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Why Employees Should Fear the Future Of Facial-Recognition Software

A hiring manager separates the wheat from the chaff in the resume pile, but wants to zero in a little bit more before scheduling interviews.

So she goes onto Facebook, looks up an applicant's profile, "captures" his profile image with the help of software, and then searches the web for any and all photos of him, whether he is smiling front and center or lurking somewhere far in background on a crowded street. We know it's him, because the software is able to pull up other identifying information. Where has this cat been, and who is he palling around with? Oh, he was at a major protest three years ago? Look, there he is way, way, waaaay the background with a protest sign! Hmm. Next.

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Welcome to the potential future of 21st-Century hiring, courtesy of facial-recognition software, where employers might be able to look up your entire place setting, from cup to fork to napkin, in addition to your mug! The best part? You could be fully identifiable simply by sleeping in the background of a total stranger's smartphone picture that she snapped three years ago at Burning Man. So it's not even your photo! Hello, Mr. and Ms. No Longer Completely Anonymous In the Background Of A Complete Stranger's Digital Photo Because Facial-Recognition Software Knows Exactly Who You Are. In the future, we'll all be walking photobombs.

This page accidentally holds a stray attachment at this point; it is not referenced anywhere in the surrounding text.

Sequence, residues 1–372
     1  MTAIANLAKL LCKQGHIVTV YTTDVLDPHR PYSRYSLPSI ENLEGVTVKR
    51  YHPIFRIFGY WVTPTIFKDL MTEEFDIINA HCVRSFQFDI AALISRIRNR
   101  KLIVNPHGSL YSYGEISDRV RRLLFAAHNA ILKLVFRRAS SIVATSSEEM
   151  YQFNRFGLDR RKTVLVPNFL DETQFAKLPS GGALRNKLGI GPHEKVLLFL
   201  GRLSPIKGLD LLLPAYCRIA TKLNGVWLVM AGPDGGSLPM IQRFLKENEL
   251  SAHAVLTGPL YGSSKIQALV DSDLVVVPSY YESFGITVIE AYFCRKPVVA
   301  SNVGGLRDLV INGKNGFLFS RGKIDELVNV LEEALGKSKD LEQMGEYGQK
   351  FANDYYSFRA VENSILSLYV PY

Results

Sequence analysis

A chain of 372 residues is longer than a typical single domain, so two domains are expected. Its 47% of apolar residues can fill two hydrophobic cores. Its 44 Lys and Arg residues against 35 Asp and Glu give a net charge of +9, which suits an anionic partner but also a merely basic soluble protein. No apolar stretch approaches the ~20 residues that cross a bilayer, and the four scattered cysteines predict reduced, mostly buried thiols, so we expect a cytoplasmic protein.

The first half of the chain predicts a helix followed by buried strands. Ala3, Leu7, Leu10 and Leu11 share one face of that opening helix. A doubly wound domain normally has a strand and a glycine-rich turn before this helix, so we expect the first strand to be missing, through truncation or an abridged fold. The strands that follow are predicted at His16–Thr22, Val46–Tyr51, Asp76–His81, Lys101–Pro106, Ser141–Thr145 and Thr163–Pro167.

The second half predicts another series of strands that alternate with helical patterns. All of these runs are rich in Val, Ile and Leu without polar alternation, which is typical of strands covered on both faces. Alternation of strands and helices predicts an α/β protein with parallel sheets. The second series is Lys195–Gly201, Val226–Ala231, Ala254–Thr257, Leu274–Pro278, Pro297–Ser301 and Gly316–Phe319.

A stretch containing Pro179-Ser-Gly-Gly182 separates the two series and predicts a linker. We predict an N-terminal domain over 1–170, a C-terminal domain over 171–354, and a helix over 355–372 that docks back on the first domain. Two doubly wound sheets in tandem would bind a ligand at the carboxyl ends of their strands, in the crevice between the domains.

And just think of how many smartphones are busy snapping away, at all hours, everywhere in the world, with said photos being posted to "private" social media accounts and eventually stored in online databases.

Of course, the hiring scenario described above is still a complete, utter hypothetical in most workplaces, but the technology is there and now some in Congress, including U.S. Senator Al Franken, are busy worrying about the potential, future nefarious uses of facial-recognition technology. As GigaOM.com reports:

It also wouldn't be too difficult to start stalking a complete stranger, or to make a national laughing stock out of some innocent (but hilarious) face in the crowd. Or for a stranger to dredge up those pornographic shots of you that your ex-boyfriend posted online. Or to figure out the guy next to you on the subway is rich, follow him home and rob him.

Or for employers to, you know, dig a little bit deeper on the down low in their online research on job applicants, and maybe even occasionally on employees. Or for employees to dig a little bit deeper on their co-workers or customers, especially the ones they don't like very much. A picture says a thousand words, or something like that. Look, there he is looking high as a kite in the background at the Electric Daisy Carnival! See him!? The nearly-nude one with the neon body paint? Hmm.

But that's neither here nor there and I don't want to sound alarmist or anything, because this is all potentially somewhere in the future. But potentially nearer than we might like to think, and workplace law will have to catch up yet again and that can take years. Remember to think "cheese!" the next time you're in the background of a total stranger's camera shot.

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